Blackheads are pores that have been partially blocked by oil, dead skin cells and bacteria. They are also called open comedones because the pore does not completely close. Additionally, the contents are close to the surface of the pore and turn black from exposure to the air. Blackheads often take a long time to clear and it may be tempting to squeeze to clear them faster. However, many experts recommend against squeezing and suggest other ways of clearing blackheads.
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Why Not Squeeze?
Blackheads contain bacteria beneath the surface of the skin. Normally, these bacteria are contained within the walls of the pore. When you squeeze the blackhead, you risk tearing the pore walls and causing the bacteria to spread into the surrounding tissue. As the bacteria spreads, white blood cells rush to the area and it is possible for acne papules, or pimples, to form. Squeezing also spreads bacteria across the surface of the skin to possibly clog adjacent pores, and increases the risk of scarring.
A comedone extractor is a small loop on the end of at metal rod. The loop gently retracts the skin around the blackhead and brings the contents to the surface. Unlike squeezing, the comedone extractor does not compress the sides of the pore, so there is less risk of breaking the pore walls. However, tissue damage may still occur.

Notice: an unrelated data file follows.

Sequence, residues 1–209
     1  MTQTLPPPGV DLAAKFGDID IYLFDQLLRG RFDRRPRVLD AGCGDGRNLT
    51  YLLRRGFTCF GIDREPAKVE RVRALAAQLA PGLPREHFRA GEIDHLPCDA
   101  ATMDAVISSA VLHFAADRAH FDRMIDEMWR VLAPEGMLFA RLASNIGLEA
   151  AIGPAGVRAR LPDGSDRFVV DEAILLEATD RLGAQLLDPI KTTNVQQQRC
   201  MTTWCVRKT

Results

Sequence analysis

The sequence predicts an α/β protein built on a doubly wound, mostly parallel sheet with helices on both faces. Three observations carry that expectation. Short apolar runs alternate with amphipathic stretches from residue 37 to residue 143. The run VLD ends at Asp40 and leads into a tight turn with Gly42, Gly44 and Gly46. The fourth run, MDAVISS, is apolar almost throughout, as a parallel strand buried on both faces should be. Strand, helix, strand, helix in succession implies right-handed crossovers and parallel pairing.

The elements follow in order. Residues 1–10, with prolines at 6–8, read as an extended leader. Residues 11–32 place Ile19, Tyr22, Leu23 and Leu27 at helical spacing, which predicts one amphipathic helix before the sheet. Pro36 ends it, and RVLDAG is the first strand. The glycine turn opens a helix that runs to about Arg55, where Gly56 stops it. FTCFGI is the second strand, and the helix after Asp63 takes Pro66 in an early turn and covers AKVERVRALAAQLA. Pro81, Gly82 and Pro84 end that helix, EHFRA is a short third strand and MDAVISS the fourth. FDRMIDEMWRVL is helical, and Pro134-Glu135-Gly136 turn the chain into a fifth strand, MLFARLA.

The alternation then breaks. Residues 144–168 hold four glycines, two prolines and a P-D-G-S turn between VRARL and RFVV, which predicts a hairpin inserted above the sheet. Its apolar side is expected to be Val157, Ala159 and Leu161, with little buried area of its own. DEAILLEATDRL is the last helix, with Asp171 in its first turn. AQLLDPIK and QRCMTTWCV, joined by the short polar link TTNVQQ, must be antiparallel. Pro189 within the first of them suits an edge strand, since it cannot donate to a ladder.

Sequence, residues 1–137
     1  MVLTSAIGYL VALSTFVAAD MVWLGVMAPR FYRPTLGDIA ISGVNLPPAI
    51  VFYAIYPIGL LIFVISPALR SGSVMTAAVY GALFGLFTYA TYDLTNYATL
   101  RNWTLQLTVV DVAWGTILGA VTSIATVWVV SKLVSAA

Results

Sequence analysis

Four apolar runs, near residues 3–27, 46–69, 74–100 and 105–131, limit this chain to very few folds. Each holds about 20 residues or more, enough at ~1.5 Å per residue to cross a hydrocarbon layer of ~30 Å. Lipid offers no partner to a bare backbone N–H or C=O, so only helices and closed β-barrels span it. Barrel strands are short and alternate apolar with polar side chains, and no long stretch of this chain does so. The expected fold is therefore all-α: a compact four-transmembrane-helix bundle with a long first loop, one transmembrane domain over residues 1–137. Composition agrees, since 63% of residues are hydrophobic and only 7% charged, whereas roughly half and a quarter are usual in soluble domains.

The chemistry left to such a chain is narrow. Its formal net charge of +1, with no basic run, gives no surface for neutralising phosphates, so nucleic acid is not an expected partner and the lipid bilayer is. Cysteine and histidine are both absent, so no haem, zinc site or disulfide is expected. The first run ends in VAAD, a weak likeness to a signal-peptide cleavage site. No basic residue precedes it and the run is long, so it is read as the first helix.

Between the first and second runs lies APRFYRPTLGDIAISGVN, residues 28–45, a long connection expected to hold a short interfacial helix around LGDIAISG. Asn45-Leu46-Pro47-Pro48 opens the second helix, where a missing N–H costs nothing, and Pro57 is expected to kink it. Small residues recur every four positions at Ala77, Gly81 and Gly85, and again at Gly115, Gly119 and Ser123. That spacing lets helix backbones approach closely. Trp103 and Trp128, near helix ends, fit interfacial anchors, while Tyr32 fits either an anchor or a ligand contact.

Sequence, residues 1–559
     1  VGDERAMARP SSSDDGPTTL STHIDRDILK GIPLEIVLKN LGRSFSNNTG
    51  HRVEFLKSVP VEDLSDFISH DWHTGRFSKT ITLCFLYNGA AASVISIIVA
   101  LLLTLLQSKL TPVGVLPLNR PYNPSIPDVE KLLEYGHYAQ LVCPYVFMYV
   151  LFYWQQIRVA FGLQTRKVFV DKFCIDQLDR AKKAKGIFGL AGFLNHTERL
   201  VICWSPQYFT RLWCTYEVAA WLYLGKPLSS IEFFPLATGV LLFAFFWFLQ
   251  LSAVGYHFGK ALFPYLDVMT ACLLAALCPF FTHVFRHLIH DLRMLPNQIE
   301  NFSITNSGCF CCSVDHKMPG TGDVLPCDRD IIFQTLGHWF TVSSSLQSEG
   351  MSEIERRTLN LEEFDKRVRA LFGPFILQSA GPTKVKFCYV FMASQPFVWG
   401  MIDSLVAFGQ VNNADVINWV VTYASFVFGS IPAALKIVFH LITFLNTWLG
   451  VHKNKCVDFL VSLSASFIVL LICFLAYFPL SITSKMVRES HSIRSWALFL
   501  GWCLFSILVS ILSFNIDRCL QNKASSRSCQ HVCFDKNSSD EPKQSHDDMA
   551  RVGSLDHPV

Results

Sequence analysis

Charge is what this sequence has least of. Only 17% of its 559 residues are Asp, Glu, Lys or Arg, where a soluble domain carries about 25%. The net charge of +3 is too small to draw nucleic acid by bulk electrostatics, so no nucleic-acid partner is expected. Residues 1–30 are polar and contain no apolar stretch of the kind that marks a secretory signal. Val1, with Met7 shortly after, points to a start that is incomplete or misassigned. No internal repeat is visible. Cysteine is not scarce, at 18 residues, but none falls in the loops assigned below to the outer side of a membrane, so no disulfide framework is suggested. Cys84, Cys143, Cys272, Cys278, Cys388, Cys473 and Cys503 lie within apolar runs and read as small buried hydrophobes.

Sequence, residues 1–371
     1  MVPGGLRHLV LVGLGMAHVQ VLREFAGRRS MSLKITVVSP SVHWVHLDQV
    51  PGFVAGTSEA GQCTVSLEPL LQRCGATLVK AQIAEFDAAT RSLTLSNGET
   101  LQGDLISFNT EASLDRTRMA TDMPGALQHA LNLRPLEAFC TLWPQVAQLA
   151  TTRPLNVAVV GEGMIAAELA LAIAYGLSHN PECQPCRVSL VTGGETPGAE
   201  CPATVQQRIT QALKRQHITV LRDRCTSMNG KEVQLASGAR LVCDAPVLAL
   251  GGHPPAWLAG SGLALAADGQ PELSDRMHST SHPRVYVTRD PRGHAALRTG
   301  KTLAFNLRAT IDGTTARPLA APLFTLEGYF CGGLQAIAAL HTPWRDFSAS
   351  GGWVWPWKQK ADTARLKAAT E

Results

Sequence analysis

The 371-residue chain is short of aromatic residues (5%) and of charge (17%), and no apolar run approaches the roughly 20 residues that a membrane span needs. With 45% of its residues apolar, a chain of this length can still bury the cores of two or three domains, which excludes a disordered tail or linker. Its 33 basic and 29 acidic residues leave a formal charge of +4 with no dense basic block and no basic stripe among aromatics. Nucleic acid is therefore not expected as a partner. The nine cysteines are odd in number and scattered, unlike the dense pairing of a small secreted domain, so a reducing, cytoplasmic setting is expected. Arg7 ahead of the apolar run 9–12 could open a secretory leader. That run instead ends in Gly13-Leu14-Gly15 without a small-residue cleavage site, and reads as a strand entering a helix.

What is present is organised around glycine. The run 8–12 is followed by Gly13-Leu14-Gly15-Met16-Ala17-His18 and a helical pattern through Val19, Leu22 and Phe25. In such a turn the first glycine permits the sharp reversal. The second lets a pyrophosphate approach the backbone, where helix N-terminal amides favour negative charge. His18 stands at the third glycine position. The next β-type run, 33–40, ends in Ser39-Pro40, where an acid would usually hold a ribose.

Removal with Pore Strips
Where comedone extractors remove one blackhead at a time, adhesive pore strips remove several blackheads at once. The strips have an adhesive surface and come in different sizes for use on the nose, cheeks, chin and forehead. Because the contents of the blackhead are closer to the surface, they stick to the adhesive and come out when you remove the strip. As with the comedone extractor, there is less chance of damaging the pore, but some may be sensitive to the adhesive.
Cleaning and Time
Blackheads slowly work toward the surface of the skin and, over time, they will clear on their own. Washing your face with a medicated acne scrub, such as benzoyl peroxide, helps kill bacteria and remove excess oil. Wash twice a day, using a gentle cleanser and avoiding abrasives, which can irritate the skin and make acne worse.
Squeezing a blackhead can actually make acne worse and lead to scarring. The best option for blackhead removal is letting them clear on their own, or using extraction methods that do not squeeze the skin.
REFERENCES & RESOURCES
- Medline Plus: Acne
- Medline Plus: Blackheads
- National Institute of Arthritis and Musculoskeletal and Skin Diseases: What is Acne?
- Dr. Whitney Bowe, MD: Procedural Treatments for Acne
- Dermatologic Surgery: Successful Treatment of Depressed, Distensible Acne Scars Using Autologous Fibroblasts -- A Multi-Site, Prospective, Double Blind, Placebo-Controlled Clinical Trial